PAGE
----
• The Importance Of Assignment Clauses In Employment Agreements
  • February 26, 2004 | Author: Thomas J. Conley
  • Law Firm: Leonard, Street and Deinard, [incorporation phrase format]Professional Association - Minneapolis Office
  • A recent federal court decision suggests that companies that use noncompetition or similar agreements with their employees in Minnesota, or those about to purchase such a company, should check those agreements to ensure that they contain "assignment" provisions.

    In Inter-Tel, Inc. v. CA Communications, Inc., 2003 W.L. 23119384 (D.Minn. 2003), Inter-Tel sought to enforce noncompetition agreements against several former employees who had formed a competing company after being involuntarily terminated by Inter-Tel. The noncompetition agreements that Inter-Tel wanted to enforce were actually agreements between the employees and a previous employer, McLeod. McLeod had sold a portion of its business to plaintiff Inter-Tel, and the employees moved with the business. The agreements did not specify, however, that they were assignable to any third party or otherwise mention Inter-Tel. As a result, the employees argued that Inter-Tel could not enforce the agreements.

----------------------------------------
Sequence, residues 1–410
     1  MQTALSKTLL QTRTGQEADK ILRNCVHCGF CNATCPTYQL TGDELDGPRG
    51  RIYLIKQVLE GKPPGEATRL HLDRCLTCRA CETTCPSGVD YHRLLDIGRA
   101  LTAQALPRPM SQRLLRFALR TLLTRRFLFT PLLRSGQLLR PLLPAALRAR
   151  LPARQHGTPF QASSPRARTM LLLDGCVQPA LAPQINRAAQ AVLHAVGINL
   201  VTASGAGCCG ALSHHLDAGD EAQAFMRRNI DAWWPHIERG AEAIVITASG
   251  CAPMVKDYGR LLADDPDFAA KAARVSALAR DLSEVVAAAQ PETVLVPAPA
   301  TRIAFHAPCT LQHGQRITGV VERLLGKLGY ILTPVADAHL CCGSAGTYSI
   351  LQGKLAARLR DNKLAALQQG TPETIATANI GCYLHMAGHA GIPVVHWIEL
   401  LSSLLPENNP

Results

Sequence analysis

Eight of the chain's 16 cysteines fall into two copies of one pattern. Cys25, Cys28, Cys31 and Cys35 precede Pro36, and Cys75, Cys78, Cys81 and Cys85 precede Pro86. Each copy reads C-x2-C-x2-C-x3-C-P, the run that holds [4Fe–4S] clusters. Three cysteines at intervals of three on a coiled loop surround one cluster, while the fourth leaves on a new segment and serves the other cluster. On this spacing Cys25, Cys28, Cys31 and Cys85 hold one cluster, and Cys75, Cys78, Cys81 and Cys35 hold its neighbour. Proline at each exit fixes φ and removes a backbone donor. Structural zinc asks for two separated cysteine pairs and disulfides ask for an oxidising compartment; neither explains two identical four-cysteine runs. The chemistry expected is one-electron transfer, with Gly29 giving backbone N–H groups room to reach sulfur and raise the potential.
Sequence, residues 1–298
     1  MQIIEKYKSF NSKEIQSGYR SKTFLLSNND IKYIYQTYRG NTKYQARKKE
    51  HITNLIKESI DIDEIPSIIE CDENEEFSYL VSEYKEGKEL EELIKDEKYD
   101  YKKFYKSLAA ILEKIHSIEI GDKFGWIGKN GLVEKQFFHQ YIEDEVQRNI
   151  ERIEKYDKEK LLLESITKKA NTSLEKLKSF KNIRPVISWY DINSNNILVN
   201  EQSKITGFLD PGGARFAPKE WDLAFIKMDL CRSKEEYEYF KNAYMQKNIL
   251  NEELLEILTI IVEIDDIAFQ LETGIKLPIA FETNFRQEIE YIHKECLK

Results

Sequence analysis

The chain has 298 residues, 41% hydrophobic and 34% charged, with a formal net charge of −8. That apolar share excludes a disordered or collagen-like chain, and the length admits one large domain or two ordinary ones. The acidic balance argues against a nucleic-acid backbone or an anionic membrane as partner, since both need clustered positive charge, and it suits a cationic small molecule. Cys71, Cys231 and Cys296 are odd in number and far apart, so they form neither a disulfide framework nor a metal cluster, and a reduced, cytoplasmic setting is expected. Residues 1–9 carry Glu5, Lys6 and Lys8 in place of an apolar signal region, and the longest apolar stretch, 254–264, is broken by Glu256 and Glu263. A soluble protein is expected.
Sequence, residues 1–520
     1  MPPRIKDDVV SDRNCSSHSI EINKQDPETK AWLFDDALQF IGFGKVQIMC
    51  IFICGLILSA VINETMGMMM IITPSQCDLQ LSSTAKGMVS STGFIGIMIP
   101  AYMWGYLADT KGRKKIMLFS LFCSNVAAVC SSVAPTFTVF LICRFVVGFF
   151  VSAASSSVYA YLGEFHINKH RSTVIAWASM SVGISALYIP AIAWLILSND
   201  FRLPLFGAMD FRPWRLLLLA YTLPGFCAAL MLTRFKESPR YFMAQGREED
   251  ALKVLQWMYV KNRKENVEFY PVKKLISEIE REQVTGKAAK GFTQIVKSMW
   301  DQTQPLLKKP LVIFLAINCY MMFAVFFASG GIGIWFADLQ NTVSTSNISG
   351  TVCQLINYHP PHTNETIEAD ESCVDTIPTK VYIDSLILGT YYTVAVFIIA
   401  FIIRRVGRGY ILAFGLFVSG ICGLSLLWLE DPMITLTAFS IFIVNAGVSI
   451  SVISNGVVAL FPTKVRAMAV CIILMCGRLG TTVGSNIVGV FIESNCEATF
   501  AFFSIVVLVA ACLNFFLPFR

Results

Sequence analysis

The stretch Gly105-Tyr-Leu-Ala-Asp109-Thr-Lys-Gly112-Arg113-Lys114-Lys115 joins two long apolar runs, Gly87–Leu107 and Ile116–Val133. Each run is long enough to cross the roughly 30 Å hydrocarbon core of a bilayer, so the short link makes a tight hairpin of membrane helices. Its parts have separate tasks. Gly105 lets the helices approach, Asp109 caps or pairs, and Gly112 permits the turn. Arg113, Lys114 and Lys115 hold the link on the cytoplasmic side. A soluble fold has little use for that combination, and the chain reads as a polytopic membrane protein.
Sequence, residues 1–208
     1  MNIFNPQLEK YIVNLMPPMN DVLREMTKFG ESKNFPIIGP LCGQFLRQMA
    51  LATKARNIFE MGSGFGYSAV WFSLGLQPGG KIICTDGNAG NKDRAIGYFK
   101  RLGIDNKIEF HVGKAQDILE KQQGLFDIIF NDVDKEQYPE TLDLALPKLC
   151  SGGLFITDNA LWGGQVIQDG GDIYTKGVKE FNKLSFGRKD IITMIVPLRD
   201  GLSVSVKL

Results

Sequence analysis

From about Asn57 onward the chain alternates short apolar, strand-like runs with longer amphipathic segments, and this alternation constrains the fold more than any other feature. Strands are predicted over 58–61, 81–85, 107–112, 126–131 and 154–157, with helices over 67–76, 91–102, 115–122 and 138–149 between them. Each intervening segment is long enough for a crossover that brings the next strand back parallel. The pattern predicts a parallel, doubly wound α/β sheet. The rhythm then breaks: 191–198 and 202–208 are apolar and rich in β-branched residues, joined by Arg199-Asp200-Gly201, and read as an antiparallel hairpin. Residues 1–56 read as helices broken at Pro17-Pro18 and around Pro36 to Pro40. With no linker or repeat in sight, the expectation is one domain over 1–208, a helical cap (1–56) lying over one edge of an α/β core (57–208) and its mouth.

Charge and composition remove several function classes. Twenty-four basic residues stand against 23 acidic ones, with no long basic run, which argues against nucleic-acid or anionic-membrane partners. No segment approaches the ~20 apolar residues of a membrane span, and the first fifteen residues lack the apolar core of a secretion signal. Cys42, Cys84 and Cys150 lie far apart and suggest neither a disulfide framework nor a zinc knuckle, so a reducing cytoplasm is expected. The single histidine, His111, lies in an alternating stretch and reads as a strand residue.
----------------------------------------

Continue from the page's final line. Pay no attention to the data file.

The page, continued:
Most Minnesota attorneys have assumed, based on a 1908 decision of the Minnesota Supreme Court called Haugen v. Sundseth, 106 Minn. 129, 118 N.W. 666 (Minn. 1908), that a noncompetition agreement would be enforceable by a successor/purchaser like Inter-Tel even in the absence of a specific provision expressly permitting assignment. The Judge in the Inter-Tel case took a different view, however. Reasoning that Minnesota courts are reluctant to enforce covenants not to compete because they decrease competition and restrict the employee's ability to earn a living, he held that "where the contract does not provide for assignment, a Minnesota court . . . would likely construe the language of the contract against the employer and find any assignment void". As a result, Inter-Tel could not enforce the covenants not to compete contained in the McLeod agreements.

    The practice pointer from this case is very straightforward: when drafting noncompetes or other agreements with restrictive covenants, make sure to include a clause permitting the agreement to be assigned to a successor or purchaser without the consent of the employee. At least in one federal court, that sentence may make all the difference.